Unspeakable: The Tulsa Race Massacre

Book review by
Diondra K. Brown, Common Sense Media
Unspeakable: The Tulsa Race Massacre Book Poster Image
Illuminating retelling of a tragic American event.

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The parents' guide to what's in this book.

Educational Value

Explores an often ignored but significant event in American history. Takes a nonfiction and developmentally appropriate approach to uncover the sequence of events that led to the destruction of Greenwood, Oklahoma, in 1921. Shows a community that signified the potential for Black wealth and success to the rest of the world. 

Positive Messages

While the book highlights the wicked and hateful results of racism in U.S. history, the author imparts a message of hope and healing at the conclusion. Messages of resiliency and prosperity are present throughout. 

Positive Role Models

Many positive representations of families and businesspeople in the Black community, examples of resiliency.

Violence & Scariness

Descriptive language and illustrations show violence against Black people and their community, resulting in destruction of their homes and businesses. 


What parents need to know

Parents need to know that Unspeakable: The Tulsa Race Massacre is a nonfiction, child-friendly retelling of an important event in U.S. history. The story is brought to life by Caldecott Honoree and NAACP Image Award author Carole Boston Weatherford and Coretta Scott King Award winning illustrator Floyd Cooper. The picture book tracks the progression of the formation and destruction of an illustrious, predominately Black community called Greenwood in Tulsa, Oklahoma, from the 1800s to the present day. It identifies hatred and displeasure with Black people meeting or surpassing the achievements of White people as the reasons for the destruction of the community. 

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What's the story?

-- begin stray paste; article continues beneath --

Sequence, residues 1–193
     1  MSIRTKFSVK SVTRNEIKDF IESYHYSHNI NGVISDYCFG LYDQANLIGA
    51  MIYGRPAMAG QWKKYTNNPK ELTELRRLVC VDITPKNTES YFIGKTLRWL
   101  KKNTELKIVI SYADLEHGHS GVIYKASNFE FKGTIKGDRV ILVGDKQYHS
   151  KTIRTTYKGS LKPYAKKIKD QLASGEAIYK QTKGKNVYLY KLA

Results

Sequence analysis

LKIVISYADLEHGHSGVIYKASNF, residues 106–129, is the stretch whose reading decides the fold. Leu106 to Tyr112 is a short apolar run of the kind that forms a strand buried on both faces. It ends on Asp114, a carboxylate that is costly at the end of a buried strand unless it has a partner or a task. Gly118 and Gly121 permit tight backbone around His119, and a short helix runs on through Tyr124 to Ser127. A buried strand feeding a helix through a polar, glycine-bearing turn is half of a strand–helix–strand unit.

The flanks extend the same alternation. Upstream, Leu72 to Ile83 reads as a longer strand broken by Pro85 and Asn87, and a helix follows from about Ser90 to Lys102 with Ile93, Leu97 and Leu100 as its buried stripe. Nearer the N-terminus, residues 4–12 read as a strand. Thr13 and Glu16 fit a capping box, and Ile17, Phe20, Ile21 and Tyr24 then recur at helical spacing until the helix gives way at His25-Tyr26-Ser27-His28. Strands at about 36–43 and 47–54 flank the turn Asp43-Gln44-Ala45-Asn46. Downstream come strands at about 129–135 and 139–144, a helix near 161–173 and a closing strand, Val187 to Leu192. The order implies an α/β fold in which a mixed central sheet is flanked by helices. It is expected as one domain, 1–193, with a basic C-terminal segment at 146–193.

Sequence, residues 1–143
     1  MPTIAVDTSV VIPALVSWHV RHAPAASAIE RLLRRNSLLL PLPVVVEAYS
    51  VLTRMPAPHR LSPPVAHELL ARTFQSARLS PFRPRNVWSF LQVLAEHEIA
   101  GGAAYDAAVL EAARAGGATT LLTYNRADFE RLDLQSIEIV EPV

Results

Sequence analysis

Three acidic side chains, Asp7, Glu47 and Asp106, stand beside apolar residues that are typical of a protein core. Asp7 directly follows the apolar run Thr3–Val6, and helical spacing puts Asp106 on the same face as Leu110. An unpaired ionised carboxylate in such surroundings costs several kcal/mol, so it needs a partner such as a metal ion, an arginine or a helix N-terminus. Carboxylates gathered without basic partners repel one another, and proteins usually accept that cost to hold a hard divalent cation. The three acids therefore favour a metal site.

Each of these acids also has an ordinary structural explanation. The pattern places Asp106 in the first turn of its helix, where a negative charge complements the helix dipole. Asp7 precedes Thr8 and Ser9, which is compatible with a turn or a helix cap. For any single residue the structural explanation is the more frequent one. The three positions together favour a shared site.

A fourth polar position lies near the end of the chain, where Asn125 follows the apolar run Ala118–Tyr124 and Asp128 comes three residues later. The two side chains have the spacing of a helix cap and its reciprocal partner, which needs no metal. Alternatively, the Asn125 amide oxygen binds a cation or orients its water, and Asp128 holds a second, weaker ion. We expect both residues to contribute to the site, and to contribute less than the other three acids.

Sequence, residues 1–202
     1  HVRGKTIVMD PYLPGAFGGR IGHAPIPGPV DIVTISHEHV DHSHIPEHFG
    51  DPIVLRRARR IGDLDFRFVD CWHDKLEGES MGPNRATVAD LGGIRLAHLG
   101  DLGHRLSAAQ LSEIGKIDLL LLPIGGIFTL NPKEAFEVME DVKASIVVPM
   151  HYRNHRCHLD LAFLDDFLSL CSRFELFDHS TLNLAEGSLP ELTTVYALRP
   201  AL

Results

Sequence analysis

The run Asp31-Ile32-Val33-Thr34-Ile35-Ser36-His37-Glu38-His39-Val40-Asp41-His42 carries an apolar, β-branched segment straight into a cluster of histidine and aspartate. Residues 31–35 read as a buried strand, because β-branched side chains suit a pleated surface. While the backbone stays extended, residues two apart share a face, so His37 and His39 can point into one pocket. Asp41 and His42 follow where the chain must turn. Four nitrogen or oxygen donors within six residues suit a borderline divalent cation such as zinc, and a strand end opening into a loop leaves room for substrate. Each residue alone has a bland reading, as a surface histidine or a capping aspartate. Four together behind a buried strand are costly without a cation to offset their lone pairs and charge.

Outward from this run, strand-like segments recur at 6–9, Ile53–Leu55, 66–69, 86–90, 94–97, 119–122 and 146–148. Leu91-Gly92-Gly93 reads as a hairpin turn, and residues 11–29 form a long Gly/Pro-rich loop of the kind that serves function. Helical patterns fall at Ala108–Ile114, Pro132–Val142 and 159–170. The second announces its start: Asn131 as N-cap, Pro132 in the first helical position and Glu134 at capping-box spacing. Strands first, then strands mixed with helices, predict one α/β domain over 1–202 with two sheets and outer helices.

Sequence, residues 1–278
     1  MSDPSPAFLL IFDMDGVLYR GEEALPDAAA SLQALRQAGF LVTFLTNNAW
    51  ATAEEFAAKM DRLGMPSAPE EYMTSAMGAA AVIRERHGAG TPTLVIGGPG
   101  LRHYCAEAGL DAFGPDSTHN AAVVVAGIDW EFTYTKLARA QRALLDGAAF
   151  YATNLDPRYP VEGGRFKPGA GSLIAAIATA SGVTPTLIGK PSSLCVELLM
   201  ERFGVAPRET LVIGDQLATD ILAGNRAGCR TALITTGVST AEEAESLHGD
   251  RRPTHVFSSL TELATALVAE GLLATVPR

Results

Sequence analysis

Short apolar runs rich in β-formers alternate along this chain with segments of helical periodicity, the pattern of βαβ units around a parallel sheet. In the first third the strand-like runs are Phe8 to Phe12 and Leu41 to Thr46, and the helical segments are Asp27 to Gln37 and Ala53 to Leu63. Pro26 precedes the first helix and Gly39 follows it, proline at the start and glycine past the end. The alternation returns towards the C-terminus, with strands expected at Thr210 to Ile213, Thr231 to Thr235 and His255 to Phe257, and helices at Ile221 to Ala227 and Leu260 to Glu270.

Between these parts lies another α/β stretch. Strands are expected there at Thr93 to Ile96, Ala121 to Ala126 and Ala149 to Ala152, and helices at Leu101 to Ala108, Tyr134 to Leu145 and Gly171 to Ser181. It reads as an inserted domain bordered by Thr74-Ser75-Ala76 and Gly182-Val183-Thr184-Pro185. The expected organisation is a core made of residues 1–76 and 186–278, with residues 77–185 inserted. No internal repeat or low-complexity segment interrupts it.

UNSPEAKABLE: THE TULSA RACE MASSACRE brings to light the story of the rise and fall of the community of Greenwood in Tulsa, Oklahoma, primarily in the early 1900s. After discovering the natural richness and abundance of resources the land had the offer, thousands of descendants from Black Indians, formerly enslaved people, and Exodusters migrated to the town after the Civil War. Known as the home of "Black Wall Street," the town was rich with culture, assets, businesses, and monetary wealth, and was divided from the White community by train tracks. The book pinpoints the defining moment in 1921 when an elevator ride changed the town forever. 

Is it any good?

Author Carole Boston Wetherford brilliantly tackles this palpably emotional and historical event in a way in which children can understand its meaning and consequences. The experience of reading Unspeakable: The Tulsa Race Massacre is both heartwarming and heartbreaking. You're drawn in with a sense of familiarity as you learn more about the town's history and as you experience Floyd Cooper's warm and emotionally rich illustrations. Then that's contrasted with the total destruction of the town and the displacement of thousands of community members. This is an essential read to understand more about the culture of struggle and residency within the Black community. 

Talk to your kids about ...

  • Families can talk about the emotions of residents of Greenwood, Oklahoma, in Unspeakable: The Tulsa Race Massacre. How did they feel when their community was under attack? If you were forced to leave your home or community, what would you miss the most? 

  • Do you think it was difficult to rebuild the Greenwood community, and forgive those who were violent and destroyed the town? 

  • Many people don't know about this event in American history. Can you do research to see if other similar events, that you may not know about, have occurred? Why is it important to remember sad or painful events like wars or attacks on a community? 

  • Tulsa's Recompilation Park honors victims of the 1921 massacre. Have you ever visited a similar park or monument that honors another event in American history? What was that like? 

Book details

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